In its Annual Energy Outlook 2022 Reference case, which reflects current laws and regulations, the US Energy Information Administration forecasts that the share of US power generation from renewables will increase from 21% in 2021 to 44% in 2050. This increase in renewable energy mainly consists of new wind and solar power. The contribution of hydropower remains largely unchanged through 2050, and other renewable sources of power generation, such as geothermal and biomass, collectively remain less than 3% of total generation.

EIA projects that the contribution of total solar generation, including both utility-scale solar farms and small-scale rooftop end-use systems, will exceed wind generation by the early 2030s. Early growth in wind and solar is driven by federal tax credits set to expire or significantly decline by 2026, but declining costs for both technologies play a significant role in both near- and long-term growth.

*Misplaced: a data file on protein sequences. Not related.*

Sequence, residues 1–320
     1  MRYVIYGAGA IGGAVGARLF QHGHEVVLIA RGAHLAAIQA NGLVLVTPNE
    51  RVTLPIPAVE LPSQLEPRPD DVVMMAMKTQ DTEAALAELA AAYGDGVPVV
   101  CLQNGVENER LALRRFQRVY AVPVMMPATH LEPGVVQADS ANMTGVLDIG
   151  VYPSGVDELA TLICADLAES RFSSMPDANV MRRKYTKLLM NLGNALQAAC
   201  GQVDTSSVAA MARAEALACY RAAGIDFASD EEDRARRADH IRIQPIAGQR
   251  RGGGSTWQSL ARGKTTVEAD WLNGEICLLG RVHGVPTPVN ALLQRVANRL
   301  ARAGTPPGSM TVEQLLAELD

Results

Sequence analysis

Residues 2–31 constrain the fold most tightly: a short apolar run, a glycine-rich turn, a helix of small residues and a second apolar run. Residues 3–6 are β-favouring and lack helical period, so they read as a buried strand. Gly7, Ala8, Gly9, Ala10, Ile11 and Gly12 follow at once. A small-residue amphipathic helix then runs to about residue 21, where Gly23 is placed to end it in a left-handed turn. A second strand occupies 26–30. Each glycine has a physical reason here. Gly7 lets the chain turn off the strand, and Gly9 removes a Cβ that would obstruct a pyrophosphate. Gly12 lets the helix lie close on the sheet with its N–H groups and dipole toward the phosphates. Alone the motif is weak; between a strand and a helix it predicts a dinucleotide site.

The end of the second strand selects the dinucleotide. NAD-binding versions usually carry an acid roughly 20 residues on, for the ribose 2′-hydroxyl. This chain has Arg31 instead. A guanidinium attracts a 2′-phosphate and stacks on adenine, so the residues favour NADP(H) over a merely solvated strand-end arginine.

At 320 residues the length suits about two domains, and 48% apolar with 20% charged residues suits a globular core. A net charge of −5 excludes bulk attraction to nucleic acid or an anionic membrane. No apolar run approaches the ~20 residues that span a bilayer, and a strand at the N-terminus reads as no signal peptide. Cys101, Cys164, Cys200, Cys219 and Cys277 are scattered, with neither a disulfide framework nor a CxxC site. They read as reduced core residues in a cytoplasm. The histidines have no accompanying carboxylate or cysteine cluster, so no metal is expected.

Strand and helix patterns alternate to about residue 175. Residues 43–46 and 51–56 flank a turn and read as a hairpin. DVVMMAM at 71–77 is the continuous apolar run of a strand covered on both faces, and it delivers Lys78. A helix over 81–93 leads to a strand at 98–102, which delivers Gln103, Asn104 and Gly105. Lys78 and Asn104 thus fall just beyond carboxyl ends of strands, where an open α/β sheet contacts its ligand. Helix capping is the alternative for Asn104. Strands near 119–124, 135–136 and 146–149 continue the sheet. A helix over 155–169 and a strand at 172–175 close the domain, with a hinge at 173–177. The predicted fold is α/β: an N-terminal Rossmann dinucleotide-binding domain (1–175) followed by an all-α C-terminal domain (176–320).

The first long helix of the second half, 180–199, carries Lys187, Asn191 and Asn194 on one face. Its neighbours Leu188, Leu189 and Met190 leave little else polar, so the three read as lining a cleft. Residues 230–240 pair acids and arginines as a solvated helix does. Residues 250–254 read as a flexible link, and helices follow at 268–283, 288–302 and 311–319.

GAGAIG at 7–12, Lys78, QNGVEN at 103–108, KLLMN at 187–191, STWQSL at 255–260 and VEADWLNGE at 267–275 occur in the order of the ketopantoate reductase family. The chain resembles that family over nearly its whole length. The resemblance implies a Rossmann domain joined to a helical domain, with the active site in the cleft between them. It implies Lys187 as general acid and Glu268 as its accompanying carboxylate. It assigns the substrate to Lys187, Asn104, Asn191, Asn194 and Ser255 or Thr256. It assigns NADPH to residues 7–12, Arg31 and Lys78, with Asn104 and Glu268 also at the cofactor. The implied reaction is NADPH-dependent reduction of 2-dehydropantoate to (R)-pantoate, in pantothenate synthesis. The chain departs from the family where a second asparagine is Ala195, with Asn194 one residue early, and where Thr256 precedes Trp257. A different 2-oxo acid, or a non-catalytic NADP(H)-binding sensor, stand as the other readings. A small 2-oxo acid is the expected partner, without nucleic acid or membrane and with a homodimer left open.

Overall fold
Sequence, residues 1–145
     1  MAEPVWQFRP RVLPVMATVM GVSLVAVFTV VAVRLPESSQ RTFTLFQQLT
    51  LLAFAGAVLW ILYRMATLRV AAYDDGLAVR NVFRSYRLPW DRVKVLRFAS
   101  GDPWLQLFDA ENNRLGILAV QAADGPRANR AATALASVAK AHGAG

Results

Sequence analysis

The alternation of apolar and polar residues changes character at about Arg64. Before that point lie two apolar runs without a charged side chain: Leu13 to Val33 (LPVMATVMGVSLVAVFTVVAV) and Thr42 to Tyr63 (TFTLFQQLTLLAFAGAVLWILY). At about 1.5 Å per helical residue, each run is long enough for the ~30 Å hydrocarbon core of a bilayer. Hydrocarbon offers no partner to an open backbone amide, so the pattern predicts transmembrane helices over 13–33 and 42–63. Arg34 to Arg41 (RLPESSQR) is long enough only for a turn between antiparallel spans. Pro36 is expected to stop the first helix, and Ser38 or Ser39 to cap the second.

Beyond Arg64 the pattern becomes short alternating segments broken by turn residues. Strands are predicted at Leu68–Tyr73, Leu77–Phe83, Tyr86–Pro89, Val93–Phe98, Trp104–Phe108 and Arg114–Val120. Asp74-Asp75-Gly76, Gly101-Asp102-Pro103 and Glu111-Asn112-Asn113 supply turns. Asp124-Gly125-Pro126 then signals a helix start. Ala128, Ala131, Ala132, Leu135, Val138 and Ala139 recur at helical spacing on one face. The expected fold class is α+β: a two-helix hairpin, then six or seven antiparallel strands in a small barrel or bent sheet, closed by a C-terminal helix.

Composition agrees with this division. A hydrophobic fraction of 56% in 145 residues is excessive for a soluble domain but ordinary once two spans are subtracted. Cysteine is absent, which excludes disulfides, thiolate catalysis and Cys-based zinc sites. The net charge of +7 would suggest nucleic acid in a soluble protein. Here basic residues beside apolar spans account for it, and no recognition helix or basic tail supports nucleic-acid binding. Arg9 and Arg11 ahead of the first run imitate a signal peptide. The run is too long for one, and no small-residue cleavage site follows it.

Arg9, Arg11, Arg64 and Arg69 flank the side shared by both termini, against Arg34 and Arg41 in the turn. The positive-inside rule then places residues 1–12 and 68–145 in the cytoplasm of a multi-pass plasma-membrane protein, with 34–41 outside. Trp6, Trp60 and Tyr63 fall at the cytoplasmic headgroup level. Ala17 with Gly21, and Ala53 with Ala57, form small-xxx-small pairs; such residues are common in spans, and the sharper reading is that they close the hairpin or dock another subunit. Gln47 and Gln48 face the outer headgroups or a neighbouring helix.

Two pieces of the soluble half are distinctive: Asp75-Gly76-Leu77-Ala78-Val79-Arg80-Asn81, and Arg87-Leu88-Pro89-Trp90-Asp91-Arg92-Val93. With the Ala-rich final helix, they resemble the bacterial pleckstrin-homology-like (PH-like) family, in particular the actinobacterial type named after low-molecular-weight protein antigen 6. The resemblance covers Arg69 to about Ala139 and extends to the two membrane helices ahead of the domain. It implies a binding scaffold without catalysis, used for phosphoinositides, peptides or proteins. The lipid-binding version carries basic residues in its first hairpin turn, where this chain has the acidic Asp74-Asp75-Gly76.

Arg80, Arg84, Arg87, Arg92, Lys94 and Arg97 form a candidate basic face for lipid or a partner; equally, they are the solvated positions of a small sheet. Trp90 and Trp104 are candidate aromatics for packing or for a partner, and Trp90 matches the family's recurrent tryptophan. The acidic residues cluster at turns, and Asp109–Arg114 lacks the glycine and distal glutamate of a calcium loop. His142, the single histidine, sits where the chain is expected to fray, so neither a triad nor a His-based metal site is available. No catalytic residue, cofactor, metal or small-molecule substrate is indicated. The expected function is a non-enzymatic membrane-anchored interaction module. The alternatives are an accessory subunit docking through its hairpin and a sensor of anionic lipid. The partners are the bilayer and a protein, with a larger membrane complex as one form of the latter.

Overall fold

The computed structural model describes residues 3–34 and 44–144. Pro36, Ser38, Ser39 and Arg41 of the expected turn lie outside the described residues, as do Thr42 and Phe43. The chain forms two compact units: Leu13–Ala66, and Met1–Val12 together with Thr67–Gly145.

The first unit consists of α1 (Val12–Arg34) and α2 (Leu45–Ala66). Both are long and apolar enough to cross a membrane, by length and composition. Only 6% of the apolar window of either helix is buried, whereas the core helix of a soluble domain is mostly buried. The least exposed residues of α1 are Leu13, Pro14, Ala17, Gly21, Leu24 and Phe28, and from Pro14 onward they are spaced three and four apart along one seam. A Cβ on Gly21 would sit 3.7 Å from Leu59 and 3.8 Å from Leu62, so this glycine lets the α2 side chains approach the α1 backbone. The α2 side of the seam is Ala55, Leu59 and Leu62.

Meanwhile, the total share of US fossil fuel-fired power generation will decrease from 60% to 44% as a result of the continuing retirement of coal generators, and slow growth in natural gas-fired generation. Although the latter increases in absolute terms, the share of natural gas in the total generation mix will decrease slightly, from 37% in 2021 to 34% in 2050.

In our EIA’s projections, the natural gas share remains consistent despite several prospective retirements of coal and nuclear generating units, which cause the shares from those sources to drop by half. Generation from renewable sources increases to offset the declining coal and nuclear shares, largely because existing regulatory programs and market factors incentivise renewable sources.

Energy storage systems, such as stand-alone batteries or solar-battery hybrid systems, compete with natural gas-fired generators to provide electric power generation and back-up capacity for times when non-dispatchable renewable energy sources, such as wind and solar, are unavailable. (Storage is not a generation source, therefore it is not included in the chart). Based on planned projects reported to EIA, energy storage capacity is expected to increase in the coming years.